Amber Fraley's family spent two years searching for their German Shepherd, Duke, after he disappeared in 2017. In the end, it wasn't they who found him — it was police, who discovered Duke among the dozens of animals living in one of the worst animal hoarding situations Clermont County had ever seen.
Twenty-two dogs and nearly 50 animals in total, including cats, ferrets, guinea pigs and horses, were rescued at the start of the year from a Bethel home where they lived in their own feces with old newspaper as bedding. Two more dogs were found dead on the property.
“Awful," Lisa Rabanus, who was involved with the rescue effort, said. "I put VapoRub under my nostrils. It’s something coroners do with dead bodies. It smelled of ammonia from all the cat litter.”
The Clermont Care Animal Humane Society called her employer, All Dogs Come From Heaven animal rescue, to assist in removing the animals from the property.
“In an animal hoarding situation, I feel like if you need help, the rescue community, animal lovers are out there to help," Rabanus said. "We’ll bend over backwards to get a nice place for the animals. We’ll find, we’ll make room. You have to ask for help. These people didn’t ask for help. You need to punish them to a certain extent to make sure they know there’s a problem, and that it doesn’t happen again.”
The homeowner in Bethel faces charges for animal cruelty.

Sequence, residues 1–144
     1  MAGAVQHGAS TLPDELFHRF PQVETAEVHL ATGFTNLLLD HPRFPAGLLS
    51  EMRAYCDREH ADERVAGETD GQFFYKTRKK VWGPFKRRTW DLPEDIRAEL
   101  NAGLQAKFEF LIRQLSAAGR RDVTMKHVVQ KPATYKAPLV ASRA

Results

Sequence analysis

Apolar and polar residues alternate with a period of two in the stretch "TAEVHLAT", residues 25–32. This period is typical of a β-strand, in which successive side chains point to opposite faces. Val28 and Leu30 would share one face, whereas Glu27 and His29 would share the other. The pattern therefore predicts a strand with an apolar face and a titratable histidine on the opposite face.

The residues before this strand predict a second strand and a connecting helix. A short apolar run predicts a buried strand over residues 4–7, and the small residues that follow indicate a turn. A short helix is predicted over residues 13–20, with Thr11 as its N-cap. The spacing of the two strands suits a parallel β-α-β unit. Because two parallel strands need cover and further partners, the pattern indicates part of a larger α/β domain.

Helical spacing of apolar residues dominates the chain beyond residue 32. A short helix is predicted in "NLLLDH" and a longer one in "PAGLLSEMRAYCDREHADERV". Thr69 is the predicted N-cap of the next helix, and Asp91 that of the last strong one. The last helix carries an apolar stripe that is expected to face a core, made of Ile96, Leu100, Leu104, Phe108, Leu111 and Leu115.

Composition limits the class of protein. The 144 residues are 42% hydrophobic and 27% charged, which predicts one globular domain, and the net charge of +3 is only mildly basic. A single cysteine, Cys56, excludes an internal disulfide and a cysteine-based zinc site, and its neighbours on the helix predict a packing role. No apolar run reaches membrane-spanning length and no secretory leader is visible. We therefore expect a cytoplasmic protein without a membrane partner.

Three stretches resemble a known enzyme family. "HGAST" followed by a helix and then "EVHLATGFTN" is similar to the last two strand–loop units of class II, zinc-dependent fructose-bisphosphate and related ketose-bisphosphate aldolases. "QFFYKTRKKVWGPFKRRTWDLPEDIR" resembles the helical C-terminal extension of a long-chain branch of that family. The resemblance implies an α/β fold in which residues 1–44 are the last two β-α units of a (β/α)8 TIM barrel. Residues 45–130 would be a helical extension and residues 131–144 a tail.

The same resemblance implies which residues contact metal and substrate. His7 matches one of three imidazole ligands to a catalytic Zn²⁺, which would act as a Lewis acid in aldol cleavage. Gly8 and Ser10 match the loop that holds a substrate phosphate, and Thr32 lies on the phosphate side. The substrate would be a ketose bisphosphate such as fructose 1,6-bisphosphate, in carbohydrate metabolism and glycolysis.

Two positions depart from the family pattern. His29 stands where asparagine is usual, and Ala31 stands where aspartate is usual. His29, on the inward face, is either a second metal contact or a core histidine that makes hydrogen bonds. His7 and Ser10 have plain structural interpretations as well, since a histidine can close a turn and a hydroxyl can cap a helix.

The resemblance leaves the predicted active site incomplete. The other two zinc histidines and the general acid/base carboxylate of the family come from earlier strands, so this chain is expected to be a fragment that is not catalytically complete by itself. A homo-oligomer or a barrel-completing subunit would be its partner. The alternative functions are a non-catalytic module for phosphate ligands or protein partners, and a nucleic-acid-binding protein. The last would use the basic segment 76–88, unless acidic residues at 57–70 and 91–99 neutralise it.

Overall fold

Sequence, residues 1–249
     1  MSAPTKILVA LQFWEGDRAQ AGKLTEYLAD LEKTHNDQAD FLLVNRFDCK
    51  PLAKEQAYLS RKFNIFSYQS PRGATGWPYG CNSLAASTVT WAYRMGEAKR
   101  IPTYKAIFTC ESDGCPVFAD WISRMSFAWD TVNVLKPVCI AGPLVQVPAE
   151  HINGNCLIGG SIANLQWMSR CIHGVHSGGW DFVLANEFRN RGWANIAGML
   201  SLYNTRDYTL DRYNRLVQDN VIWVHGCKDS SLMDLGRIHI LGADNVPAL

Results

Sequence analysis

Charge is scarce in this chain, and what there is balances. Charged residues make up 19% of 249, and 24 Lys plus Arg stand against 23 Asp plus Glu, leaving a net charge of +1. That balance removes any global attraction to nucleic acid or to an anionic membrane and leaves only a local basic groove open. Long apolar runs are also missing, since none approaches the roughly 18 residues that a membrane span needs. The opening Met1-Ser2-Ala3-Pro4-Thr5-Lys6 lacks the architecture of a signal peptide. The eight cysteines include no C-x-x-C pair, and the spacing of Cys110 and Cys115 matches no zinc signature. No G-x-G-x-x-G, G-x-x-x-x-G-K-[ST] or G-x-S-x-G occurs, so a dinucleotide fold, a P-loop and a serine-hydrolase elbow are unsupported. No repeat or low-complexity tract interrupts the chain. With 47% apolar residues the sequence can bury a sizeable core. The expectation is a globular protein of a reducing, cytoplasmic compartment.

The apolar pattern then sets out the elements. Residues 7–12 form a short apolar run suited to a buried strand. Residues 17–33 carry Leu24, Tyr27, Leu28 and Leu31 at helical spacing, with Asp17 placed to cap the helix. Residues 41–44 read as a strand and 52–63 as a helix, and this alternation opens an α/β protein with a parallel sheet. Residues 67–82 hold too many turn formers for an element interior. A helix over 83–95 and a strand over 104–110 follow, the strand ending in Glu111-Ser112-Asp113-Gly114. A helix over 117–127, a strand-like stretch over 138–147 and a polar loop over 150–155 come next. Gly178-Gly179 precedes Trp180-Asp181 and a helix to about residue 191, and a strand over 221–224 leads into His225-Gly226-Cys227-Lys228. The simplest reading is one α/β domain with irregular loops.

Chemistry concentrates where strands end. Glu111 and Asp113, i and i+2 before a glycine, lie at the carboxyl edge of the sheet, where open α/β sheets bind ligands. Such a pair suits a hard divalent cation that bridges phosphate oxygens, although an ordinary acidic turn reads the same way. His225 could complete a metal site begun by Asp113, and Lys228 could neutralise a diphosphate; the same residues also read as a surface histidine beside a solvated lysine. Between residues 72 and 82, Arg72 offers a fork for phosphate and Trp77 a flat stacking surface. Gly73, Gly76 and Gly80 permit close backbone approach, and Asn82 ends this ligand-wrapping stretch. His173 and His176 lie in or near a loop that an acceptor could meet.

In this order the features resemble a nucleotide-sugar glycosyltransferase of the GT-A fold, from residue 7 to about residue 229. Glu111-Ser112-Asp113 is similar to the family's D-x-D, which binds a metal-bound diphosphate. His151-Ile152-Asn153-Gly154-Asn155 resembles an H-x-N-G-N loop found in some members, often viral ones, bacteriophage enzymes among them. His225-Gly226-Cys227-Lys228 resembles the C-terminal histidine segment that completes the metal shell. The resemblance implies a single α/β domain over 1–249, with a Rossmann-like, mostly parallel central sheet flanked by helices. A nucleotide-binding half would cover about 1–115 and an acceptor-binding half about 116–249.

When shelters began to publish pictures of the rescued animals, Fraley said, his father recognized Duke among them.
"My dad was blowing up my phone all morning long," Amber Fraley said. "I hadn't responded. Michael wakes me up and said, 'Amber, look at this picture. Your dad said they found Duke.'"
The family traveled to All Dogs Come from Heaven Tuesday afternoon to be reunited with Duke.
"He was our best friend," Fraley said. "He was our family. He was with us all the time."
But Duke wasn't one of the nine dogs being nursed back to health at the All Dogs Come From Heaven facility. The Fraleys next went to check Clermont Animal Care, which is housing eight of 22 neglected dogs.
Duke was there.
"I instantly knew it was him," Fraley said. "When he first disappeared, we thought he was trying to get back home. He had been seen so many times over Bethel for almost a year."
The family's plan now is to get Duke better and then bring him home.
As for the other 21 dogs rescued, many will need time to heal, but officials with the Clermont Animal Care Humane Society say they'll all soon be up for adoption.